Flickr photo by Cameron Parkins
When the U.S. Supreme Court endorsed a UC Hastings College of the Law decision to bar a Christian student group from receiving university funds last month, some free-speech advocates winced, saying the court's opinion would be used by colleges and universities to squelch offensive or unpopular speech.
It looks like they might be right.
The Los Angeles Community College District is trying to use the Hastings ruling to bolster its defense in a speech code case, in which a college professor mocked a student who was speaking about his Christian faith in class.
The Los Angeles case began in fall 2008 when Los Angeles City College student Jonathan Lopez gave an impassioned talk about his Christian beliefs during a Speech 101 class. He spoke about his opposition to gay marriage in the wake of the passage of the controversial Proposition 8, which banned gay marriage in the state.
According to the complaint, professor John Matteson interrupted Lopez, called him a "fascist bastard" and refused to let him finish his speech. Matteson left an evaluation form on Lopez's backpack that said "Ask God what your grade is."
Lopez sued, seeking financial damages and a ban on enforcing the sexual harassment code, which prohibited "hostile" and "offensive" remarks in and out of the classroom.
In a motion to dismiss, college district officials said they did not approve of Matteson's behavior and had put him through a disciplinary process. But Lopez's suit, they said, was a publicity stunt. The Speech 101 class was not a public forum and First Amendment rights could be limited in that setting, they argued.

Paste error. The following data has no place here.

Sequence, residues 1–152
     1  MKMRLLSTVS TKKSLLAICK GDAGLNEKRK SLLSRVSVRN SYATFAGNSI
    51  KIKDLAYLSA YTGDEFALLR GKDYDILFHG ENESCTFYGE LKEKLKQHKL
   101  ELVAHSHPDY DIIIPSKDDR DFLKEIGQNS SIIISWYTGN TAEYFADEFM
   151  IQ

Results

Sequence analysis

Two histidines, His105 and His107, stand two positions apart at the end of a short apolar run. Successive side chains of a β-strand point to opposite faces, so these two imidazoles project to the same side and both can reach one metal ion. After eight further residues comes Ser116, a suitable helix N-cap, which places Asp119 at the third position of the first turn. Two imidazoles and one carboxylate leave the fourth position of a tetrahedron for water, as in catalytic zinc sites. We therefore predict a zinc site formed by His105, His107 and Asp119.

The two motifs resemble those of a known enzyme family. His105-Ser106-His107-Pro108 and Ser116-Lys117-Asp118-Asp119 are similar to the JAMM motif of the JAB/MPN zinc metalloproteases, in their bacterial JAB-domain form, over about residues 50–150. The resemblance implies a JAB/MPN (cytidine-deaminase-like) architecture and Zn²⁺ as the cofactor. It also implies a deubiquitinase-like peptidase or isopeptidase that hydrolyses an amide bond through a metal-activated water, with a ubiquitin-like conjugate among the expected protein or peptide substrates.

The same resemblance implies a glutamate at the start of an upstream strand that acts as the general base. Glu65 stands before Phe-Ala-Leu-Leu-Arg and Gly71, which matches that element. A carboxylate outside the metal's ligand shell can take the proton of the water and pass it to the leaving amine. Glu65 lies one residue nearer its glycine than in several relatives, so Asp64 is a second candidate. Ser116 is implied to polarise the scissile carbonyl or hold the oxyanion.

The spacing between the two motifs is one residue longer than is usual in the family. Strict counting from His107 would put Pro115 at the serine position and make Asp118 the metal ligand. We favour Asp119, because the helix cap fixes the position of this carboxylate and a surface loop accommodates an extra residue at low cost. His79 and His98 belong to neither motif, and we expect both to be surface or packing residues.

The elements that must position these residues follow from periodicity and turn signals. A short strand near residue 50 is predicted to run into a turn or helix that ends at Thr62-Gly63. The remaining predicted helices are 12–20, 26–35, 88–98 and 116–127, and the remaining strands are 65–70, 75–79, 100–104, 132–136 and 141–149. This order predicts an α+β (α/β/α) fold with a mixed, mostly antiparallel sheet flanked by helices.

In July 2009, U.S. District Judge George H. King granted a preliminary injunction barring the enforcement of the harassment code at the district, the Los Angeles Times reported. The college district appealed.
Meanwhile, in a case centered a few hundred miles north at UC Hastings College of the Law, the U.S. Supreme Court in June upheld a university policy that denied official status to a Christian student organization that excluded gays, saying the university has a right to withhold school funds from groups that exclude some students.
Now, the Los Angeles Community College District is trying to apply the Hastings ruling to its own situation.
In a July 15 letter filed with the U.S. Court of Appeals for the 9th Circuit, attorneys for the Los Angeles Community College District said the Hastings decision meant federal courts should "defer to decisions of educational administrators, even in the free-speech context and even in higher education."
The letter said the Hastings case confirmed that the Los Angeles district "acted appropriately" in writing its sexual-harassment policy.
David Hacker, an attorney for Alliance Defense Fund who is representing Jonathan Lopez, responded with a letter of his own, saying the college district had misinterpreted the Hastings ruling.
Hacker's July 22 letter quotes another part of the opinion: "(A) public-educational institution exceeds constitutional bounds … when it restricts speech … simply because it finds the views expressed by a group to be abhorrent."
Hacker also says the college district's speech code is discriminatory because, unlike UC Hastings College of the Law, it "wield(s) the stick of prohibition" on any student viewpoint deemed "offensive" or "harassing." Hastings, in contrast, did not exclude any particular viewpoint, Hacker wrote.
The Philadelphia-based Foundation for Individual Rights in Education, which first reported on the college district's use of the Hastings ruling, has filed an amicus brief in the case, saying that the college district's speech code unconstitutionally restricts protected speech.